The New Yorker
Author, Primary Colors: A Novel of Politics
"A Natural President: The Presidency of Bill Clinton"
September 16, 2002
Klein: I have known Bill Clinton for 15 years and he has never told
me what he thought of anything I have ever written. But one
day, he came close. It was at the end of his presidency when
I was interviewing him for a piece in the New Yorker that later
became the book--The Natural.
People were surprised that Clinton would talk to me at all after
Primary Colors. But, I wasn't because on substantial matters,
he knew that I had always been very fair to him. I had ripped
him apart when he needed it and I praised him, pretty consistently
throughout. Indeed I had written the week of the Lewinsky
scandal broke in the New Yorker that this would be an era remembered
more for its severity of its prosecutions than for the seriousness
of its crimes.
one of the interviews that we were doing we had spent two hours
talking about health care and welfare, which were the sort of issues
that he and I talked about very early on in our relationship.
One of the things that struck me in the late 1980's when I got to
know him was that he was a one-stop shopping center for social policy
issues. I could call him up from New York Magazine,
where I was working at the time, and ask him "who's doing interesting
things in housing?" He would tell me what everybody was
doing in housing--all 50 governors. He would keep on going
and going more than I wanted to know.
of the things that drew us to each other in the beginning was that
I had written a lot of the first pieces about the public school
choice experiment in East Harlem. The governor of New York
at the time, Mario Cuomo, had not been to visit those schools, but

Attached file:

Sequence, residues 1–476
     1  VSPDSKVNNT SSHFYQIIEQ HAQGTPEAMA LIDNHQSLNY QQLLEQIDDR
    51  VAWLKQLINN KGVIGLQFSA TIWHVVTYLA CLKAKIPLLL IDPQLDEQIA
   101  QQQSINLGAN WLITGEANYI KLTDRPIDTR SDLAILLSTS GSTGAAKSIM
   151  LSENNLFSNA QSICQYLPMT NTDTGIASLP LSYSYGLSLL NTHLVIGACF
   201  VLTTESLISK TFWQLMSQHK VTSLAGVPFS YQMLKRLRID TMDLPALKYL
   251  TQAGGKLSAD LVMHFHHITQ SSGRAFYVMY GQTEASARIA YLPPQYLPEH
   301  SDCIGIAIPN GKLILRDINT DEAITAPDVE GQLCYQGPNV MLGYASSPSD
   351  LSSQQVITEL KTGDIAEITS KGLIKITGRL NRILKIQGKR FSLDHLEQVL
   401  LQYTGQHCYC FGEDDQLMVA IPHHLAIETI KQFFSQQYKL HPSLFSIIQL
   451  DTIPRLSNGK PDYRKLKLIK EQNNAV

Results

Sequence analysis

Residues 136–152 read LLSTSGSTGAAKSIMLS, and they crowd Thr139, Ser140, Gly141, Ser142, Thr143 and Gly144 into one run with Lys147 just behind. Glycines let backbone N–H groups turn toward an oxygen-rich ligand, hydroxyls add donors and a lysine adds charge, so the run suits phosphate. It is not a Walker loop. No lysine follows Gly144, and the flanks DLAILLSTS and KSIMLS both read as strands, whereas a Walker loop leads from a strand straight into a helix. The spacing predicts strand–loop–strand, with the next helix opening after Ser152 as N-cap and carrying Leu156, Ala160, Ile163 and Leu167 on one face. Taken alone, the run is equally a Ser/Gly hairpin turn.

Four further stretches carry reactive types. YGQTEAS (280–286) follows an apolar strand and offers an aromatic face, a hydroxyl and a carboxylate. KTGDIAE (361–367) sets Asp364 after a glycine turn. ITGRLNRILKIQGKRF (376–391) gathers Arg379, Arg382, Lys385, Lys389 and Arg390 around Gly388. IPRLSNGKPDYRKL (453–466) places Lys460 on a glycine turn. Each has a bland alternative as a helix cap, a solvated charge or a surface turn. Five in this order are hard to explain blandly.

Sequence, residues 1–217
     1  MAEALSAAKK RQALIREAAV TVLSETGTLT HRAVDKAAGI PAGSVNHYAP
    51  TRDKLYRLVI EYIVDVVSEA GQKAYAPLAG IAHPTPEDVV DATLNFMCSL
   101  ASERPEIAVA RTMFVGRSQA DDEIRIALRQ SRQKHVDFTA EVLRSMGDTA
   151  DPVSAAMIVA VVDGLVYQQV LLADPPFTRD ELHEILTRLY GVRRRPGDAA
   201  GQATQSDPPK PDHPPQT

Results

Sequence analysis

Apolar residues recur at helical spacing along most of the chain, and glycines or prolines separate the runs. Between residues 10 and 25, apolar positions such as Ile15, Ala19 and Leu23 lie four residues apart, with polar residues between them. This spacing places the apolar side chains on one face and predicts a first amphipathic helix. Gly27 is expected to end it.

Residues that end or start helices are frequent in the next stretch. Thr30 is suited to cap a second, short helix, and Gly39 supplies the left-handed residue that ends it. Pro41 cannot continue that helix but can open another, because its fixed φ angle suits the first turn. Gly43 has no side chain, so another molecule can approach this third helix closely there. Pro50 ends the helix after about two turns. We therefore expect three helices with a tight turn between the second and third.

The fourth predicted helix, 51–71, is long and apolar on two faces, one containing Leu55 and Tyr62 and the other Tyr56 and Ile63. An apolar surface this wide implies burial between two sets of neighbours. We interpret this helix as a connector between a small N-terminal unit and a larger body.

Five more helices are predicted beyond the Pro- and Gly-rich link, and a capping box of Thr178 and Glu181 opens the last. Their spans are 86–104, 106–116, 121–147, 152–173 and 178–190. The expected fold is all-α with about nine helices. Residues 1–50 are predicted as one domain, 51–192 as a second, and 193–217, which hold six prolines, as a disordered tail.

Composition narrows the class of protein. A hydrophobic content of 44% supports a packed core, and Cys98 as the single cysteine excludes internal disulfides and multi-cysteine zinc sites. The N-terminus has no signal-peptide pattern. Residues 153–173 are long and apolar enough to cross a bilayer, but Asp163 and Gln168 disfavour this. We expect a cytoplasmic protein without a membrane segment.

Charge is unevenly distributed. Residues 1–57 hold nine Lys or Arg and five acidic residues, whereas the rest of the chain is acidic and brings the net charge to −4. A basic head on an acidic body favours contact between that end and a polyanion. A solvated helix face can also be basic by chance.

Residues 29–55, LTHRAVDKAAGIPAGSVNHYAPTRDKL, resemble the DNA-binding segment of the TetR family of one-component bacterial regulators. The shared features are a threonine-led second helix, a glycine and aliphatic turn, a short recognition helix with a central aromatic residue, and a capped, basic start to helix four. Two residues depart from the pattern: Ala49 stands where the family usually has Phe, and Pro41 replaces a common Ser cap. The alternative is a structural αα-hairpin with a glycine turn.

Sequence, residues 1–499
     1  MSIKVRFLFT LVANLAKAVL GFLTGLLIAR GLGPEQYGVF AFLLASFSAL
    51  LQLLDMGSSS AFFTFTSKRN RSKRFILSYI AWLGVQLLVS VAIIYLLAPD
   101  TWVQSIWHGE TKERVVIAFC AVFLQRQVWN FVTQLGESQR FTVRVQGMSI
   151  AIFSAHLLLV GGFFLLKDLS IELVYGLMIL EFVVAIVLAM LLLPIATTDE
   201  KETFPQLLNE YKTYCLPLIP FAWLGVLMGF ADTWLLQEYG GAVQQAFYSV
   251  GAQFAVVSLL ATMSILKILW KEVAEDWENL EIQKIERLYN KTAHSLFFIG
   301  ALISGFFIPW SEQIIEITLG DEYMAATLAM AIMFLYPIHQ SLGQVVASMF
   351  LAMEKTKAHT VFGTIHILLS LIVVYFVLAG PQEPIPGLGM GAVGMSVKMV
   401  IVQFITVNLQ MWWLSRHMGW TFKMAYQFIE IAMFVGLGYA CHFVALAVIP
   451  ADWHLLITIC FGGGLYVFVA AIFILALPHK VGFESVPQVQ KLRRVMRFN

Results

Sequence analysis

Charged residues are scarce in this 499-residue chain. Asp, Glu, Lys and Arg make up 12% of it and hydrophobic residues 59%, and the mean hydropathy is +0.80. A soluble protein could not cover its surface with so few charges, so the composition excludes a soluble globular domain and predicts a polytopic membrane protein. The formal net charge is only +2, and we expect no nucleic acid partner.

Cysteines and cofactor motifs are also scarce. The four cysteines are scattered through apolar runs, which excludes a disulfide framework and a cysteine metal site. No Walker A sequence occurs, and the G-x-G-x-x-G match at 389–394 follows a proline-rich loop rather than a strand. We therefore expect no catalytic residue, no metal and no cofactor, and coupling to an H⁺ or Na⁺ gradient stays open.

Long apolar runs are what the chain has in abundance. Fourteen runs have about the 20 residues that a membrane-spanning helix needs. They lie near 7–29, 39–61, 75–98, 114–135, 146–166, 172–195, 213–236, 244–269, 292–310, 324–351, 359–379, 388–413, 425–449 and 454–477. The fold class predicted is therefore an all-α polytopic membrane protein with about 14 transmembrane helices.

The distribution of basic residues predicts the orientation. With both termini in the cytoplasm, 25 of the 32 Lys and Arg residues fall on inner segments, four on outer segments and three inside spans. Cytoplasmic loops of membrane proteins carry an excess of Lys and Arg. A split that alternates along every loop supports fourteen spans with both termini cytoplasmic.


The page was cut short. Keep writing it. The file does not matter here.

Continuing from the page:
the governor of Arkansas had been. I was always kind of surprised
and delighted by that.
interview about health care and welfare reform, which went on for
a long time, made both of us feel pretty good, I think. It
was like the good old days in a way. I was not asking him
about Monica Lewinsky or any of the other scandals. In fact,
when my editor for The Natural read my manuscript he said, "this is Bill Clinton
above the waist." We were feeling pretty good.
The First Lady came in and we had a Diet Coke because, you know,
you don't have a beer with the president, especially if he does
are in the midst of a conversation and he says, "so why did
you write that other book, anyway?" Meaning Primary Colors. I said, "well, Mr. President, I saw
it as a tribute to larger-than-life politicians," at which
point Mrs. Clinton snorted derisively. I looked at her and
I said, "First Lady, would you rather have a larger-than-life
president, or a smaller-than-life president?" She shrugged
in agreement. I said to her, "larger-than-life politicians
have larger-than-life strengths and larger-than-life weaknesses."
She looked at me then she looked at her husband and said, "that's
for sure." What that has to do with presidential character,
is this: in the recent era since Watergate, presidential character
has all too often been defined by my colleagues as sexual behavior--about
what you do in the bedroom or, sometimes in the Oval Office.
I would like to say, with a fair amount of seriousness, that I stand
before you a pro-peccadillo journalist.
that if you look at the history of the 20th Century,
the politicians with interesting personal and sexual have been far
more successful as presidents than the politicians who were not.
Just from an aesthetic point of view, I disapprove of government
by goody-goodies. I do not want to have, as my president,
someone who married his high school sweetheart and did nothing else
in his life except be ambitious. We are flawed by nature.
I want to have president who understands our flaws and who has committed
some of our flaws. In fact, my definition of a great president
was a guy who cheated on his wife to the point that he ruined his
marriage, drank a pitcher of martinis every night that he was in
the White House, played poker and cheated at that, lied to his staff,
lied to the American people on basic issues of war and peace, stuck
the Internal Revenue Service on his enemies and my grandfather voted
for him four times--Franklin Roosevelt.
us, those of us who are in the press, to a very great extent for
narrowing down our concept of what is greatness, what is character,
what the presidency should be all about. In our implicit demand,
the politicians be something other than human beings. I would
much rather have a human being in there any time. Give me
someone who used to drink, as George W. Bush did, who used to smoke